Letter: The importance of civility

When I was a student at Clayton High School in the mid-to-late ’50s, I took courses in public speaking and debate, realizing that knowing how to communicate well would someday play a vital and pivotal role in my personal and professional life.

In the course of such communication, however, there have been a couple of cardinal rules by which I’ve always tried very hard to abide: never use insulting, abusive or threatening language, and never engage in personal attacks. In other words, I’ve attempted to maintain a decorum of civility, a term that unfortunately is becoming obsolete in today’s society, both in politics, and in everyday life.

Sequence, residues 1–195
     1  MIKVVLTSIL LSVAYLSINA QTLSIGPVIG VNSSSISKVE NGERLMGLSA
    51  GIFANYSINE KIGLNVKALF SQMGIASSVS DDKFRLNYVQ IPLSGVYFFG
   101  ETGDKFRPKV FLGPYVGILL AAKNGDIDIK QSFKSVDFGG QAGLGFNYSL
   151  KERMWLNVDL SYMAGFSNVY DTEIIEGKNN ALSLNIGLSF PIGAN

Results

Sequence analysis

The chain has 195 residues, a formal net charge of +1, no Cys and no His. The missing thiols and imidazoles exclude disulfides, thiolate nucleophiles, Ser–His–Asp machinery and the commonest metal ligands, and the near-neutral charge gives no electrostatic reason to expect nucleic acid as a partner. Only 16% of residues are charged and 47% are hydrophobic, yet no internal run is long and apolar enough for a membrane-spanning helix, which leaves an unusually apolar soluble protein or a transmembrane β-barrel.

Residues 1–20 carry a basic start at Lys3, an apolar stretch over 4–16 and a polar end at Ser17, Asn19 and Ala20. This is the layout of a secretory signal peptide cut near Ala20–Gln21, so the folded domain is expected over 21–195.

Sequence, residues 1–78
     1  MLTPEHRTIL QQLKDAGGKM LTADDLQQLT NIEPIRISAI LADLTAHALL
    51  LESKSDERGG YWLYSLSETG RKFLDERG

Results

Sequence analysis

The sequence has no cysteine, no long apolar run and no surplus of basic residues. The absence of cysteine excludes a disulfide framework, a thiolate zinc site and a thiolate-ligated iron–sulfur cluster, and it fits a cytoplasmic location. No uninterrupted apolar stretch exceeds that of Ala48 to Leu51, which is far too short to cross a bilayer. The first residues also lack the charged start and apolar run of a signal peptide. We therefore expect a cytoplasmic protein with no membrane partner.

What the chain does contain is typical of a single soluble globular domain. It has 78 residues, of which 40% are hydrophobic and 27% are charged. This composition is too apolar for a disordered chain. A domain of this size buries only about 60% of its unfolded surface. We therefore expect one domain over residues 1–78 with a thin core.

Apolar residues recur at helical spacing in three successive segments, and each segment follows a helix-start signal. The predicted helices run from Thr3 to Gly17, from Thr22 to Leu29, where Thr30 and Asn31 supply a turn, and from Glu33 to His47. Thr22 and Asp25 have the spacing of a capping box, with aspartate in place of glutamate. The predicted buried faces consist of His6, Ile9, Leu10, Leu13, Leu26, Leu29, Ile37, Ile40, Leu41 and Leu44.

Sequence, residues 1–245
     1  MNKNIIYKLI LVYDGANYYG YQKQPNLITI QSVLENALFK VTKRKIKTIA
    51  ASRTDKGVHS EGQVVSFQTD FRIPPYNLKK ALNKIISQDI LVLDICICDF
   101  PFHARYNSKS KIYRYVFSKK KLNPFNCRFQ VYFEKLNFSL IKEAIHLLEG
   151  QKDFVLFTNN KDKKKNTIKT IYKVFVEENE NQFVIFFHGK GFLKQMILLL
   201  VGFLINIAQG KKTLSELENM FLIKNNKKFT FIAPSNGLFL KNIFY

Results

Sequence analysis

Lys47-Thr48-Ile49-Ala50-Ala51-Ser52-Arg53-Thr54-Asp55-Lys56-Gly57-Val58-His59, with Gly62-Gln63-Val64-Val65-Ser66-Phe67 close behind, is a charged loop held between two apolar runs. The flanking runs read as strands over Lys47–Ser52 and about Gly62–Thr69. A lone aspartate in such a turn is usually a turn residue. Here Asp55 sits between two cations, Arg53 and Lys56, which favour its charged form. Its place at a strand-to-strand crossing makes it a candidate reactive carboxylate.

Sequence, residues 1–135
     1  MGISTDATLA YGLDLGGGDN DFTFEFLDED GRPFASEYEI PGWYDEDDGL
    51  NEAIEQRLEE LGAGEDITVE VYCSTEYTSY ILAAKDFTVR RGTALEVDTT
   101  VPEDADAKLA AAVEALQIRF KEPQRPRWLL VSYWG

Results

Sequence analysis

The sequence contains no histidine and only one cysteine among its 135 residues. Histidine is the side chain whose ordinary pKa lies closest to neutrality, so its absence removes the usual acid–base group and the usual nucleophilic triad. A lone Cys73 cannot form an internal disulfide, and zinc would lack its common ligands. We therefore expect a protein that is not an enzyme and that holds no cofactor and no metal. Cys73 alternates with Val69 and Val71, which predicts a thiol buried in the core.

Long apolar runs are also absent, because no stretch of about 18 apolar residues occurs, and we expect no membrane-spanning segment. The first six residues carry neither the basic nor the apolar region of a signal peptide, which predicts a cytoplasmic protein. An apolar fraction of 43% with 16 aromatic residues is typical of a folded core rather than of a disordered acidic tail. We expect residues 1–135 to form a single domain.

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I’m a staunch advocate of the First Amendment, and healthy and constructive speech and debate is a staple of our free democracy, but what I’m simply saying is that one can disagree without being disagreeable.

I’m glad to know that on the national scene President Barack Obama has spoken out publicly against such hateful, bombastic rhetoric among members of Congress – both Democrats and Republicans – for which he should be applauded, and I hope that the average American citizen takes heed and learns a valuable lesson in what constitutes correct comportment and behavior.

A nation is defined by its people, and as a country which prides itself as being the most advanced and refined nation on earth, many of us, nevertheless, can use a healthy dose of pure, undiluted civility.

Gene Carton, Olivette